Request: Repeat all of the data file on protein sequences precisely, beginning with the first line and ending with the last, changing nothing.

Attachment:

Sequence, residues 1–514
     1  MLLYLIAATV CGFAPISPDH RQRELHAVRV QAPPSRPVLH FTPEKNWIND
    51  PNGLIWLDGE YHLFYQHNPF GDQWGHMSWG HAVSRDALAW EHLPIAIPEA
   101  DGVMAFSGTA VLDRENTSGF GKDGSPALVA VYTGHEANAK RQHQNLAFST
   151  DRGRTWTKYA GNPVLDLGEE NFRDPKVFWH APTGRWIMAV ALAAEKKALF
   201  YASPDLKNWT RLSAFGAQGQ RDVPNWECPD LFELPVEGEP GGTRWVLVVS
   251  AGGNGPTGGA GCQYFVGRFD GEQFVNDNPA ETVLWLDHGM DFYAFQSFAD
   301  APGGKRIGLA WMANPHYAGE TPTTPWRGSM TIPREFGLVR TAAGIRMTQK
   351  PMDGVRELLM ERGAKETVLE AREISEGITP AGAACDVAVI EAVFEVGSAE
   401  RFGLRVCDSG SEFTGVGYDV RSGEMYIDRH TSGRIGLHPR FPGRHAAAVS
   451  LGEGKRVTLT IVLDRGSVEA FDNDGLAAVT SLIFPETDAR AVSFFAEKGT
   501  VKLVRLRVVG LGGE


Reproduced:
Sequence, residues 1–514
     1  MLLYLIAATV CGFAPISPDH RQRELHAVRV QAPPSRPVLH FTPEKNWIND
    51  PNGLIWLDGE YHLFYQHNPF GDQWGHMSWG HAVSRDALAW EHLPIAIPEA
   101  DGVMAFSGTA VLDRENTSGF GKDGSPALVA VYTGHEANAK RQHQNLAFST
   151  DRGRTWTKYA GNPVLDLGEE NFRDPKVFWH APTGRWIMAV ALAAEKKALF
   201  YASPDLKNWT RLSAFGAQGQ RDVPNWECPD LFELPVEGEP GGTRWVLVVS
   251  AGGNGPTGGA GCQYFVGRFD GEQFVNDNPA ETVLWLDHGM DFYAFQSFAD
   301  APGGKRIGLA WMANPHYAGE TPTTPWRGSM TIPREFGLVR TAAGIRMTQK
   351  PMDGVRELLM ERGAKETVLE AREISEGITP AGAACDVAVI EAVFEVGSAE
   401  RFGLRVCDSG SEFTGVGYDV RSGEMYIDRH TSGRIGLHPR FPGRHAAAVS
   451  LGEGKRVTLT IVLDRGSVEA FDNDGLAAVT SLIFPETDAR AVSFFAEKGT
   501  VKLVRLRVVG LGGE